The Hidden Cost of My Social Outings With Chronic Illness


Before I became unwell I couldn’t stand to be alone. I thrived off social interactions. I was constantly found at church, university, work, and parties. Friends, people, family were my life. That energizing, life-giving rush of connecting with another human being of laughing, smiling, joking around. That endless ability to go out, and keep going. Picking up random conversations with strangers on public transport, the shops and park. The ease to which I could connect with others and the fluidity to which conversation flowed.

When I became chronically sick, two things changed.

1. I became physically isolated.  I could no longer go out. I had to stop university. Stop work. Stop going out in the evenings. Stop even going out for coffee. Stop going to church, and friend’s parties. In the beginning, this hurt so much. I felt like a terrible friend, employee and student. I tried desperately to push against the limitations of my body and to go anyway. This, however, resulted in public displays of collapsing, falling unconscious and rapid trips to the ER. The situations to which I had the opportunity to interact with others became increasingly limited as I accepted the new limitations my body was imposing.

2. Over time, I became internally isolated. The symptoms I was experiencing from nausea, dizziness, chest pain, muscle tightness, brain fog and stupidly high tachycardia made it extremely difficult for me to express myself and connect with others. It was as though I had suddenly fallen into this dark black hole, that try as I might- I couldn’t crawl myself out of. When I did make it out of the safety of my home- my smiles, chatter and laughter were replaced by blank stares. I was using all the energy I had to stay sitting on the chair. I didn’t feel like myself at all & probably from the outside I looked depressed and disinterested.

My once loved social interactions became a task to survive, to stand clinging to the furniture around to stop me falling over. This struggle to nod in the right places and intense concentration to try and take in something of what the other person was saying.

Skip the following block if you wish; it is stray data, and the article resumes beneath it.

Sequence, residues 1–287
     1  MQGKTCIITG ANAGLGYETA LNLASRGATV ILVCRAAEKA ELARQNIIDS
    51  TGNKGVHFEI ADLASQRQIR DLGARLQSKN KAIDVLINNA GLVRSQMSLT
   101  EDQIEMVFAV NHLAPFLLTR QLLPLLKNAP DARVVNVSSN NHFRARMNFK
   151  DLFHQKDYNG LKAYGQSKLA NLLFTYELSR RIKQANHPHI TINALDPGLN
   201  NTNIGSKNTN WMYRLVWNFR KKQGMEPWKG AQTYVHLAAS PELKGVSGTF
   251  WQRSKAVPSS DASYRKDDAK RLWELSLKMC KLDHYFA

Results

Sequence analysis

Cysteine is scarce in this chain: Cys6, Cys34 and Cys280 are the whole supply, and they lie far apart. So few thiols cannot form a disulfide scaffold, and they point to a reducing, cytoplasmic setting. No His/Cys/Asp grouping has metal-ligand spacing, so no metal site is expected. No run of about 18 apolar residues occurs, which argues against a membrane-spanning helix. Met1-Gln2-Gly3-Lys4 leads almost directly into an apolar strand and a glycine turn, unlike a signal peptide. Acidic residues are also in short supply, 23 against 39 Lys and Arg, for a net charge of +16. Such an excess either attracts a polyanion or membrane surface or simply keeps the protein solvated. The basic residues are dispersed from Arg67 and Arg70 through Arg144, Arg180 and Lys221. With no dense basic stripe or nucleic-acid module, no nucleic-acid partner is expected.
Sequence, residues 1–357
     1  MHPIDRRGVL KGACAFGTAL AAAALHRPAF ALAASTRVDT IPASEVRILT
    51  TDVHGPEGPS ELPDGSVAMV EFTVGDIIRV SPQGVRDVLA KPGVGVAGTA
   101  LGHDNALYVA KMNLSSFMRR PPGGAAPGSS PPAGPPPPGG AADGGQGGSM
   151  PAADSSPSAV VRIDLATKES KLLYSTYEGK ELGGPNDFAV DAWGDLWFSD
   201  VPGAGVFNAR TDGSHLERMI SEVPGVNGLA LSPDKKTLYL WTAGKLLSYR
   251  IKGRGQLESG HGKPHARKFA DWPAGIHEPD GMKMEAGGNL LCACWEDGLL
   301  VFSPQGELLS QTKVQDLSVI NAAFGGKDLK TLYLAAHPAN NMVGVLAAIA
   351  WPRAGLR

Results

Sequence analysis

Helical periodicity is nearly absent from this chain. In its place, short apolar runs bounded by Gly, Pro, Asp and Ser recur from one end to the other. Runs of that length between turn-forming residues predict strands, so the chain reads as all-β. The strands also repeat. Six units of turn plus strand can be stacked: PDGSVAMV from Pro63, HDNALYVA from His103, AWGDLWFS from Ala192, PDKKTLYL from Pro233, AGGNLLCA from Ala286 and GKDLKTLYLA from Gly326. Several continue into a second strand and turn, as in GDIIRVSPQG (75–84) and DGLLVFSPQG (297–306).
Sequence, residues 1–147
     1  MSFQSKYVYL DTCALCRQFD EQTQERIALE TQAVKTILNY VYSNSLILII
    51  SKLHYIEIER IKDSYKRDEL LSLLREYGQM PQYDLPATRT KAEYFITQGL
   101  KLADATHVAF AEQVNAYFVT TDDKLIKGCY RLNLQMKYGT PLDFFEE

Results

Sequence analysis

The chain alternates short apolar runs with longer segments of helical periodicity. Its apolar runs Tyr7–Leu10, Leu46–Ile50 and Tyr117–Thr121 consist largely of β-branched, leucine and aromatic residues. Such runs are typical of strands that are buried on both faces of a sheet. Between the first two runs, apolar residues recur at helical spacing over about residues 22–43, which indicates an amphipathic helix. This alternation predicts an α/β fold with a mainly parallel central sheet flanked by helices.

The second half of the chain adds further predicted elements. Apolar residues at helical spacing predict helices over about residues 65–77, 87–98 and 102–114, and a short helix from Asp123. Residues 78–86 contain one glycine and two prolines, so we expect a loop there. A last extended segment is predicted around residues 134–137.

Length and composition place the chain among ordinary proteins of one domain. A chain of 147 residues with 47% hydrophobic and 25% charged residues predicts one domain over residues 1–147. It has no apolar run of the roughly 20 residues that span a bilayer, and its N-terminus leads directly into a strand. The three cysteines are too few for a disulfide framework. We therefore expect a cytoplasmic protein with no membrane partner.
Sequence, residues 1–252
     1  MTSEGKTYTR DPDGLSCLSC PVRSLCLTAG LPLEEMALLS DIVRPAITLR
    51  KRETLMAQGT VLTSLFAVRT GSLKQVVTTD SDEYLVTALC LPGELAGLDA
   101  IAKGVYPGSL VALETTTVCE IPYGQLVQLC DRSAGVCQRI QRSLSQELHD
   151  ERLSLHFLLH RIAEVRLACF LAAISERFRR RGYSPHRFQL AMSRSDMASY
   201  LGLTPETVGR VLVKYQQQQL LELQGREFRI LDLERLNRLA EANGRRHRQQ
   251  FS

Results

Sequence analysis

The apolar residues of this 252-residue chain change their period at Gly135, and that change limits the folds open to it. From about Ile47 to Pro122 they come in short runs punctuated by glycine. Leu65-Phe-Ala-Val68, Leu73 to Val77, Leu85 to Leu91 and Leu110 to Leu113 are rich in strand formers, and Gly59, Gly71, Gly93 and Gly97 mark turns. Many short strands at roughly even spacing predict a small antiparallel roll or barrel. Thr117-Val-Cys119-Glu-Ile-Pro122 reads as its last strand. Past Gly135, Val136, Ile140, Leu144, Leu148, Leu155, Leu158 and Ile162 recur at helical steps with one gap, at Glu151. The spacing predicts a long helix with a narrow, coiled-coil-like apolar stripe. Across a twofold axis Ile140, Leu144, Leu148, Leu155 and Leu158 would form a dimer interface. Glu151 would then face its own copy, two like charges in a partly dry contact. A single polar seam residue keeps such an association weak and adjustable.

I began stumbling out polite answers when others asked how I was. I didn’t have the strength to match their smiles and energy, or the brain power to compute their questions – let alone think up my own to ask.

I no longer felt like the person who I once was. The one who loves people, caring deeply about all aspects of their lives –  that part of me felt like it was drowning inside a body which would not function. A hour of “participating” in the healthy world would bring me home to my knees in hours of tears and unbearable pain…The hidden cost of my social outing.

Even conversations with my boyfriend, family and close friends were immensely difficult. I hated that I couldn’t connect with them, communicate and love as I so longed to. My life was suddenly was so different from theirs. I felt like an outsider to the healthy world, watching frozen at the sidelines, distant from the energy and happenings of my once held normality.

Over recent weeks however, amidst the darkness of this storm, I have noticed such beauty in the unspoken. The holding of a hand, and embracing of a hug. The way the sun shines through the trees in the early morning, a sign of hope and the renewal I long for. I’ve had this chance, to stop and be still. To notice the people who are around me, and appreciate them for all of who they are. Instead of the racing, chatter and noise, there is rest.

An opportunity to observe and listen, to allow my heart to speak to its glorious creator.

I’ve learnt to value that text message from a friend and to become overjoyed with gratitude at a simple visit or phone call. Each one a precious gift, of light in my day. The darker the darkness, the more radiant the light.

The longer I stay in this pit of chronic illness and feel the weight of the impressing darkness, the light, blessings, and love shine increasingly brighter.

I’ve opened my eyes to see that heaven is far closer than I ever thought.

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Thinkstock Image By: non157


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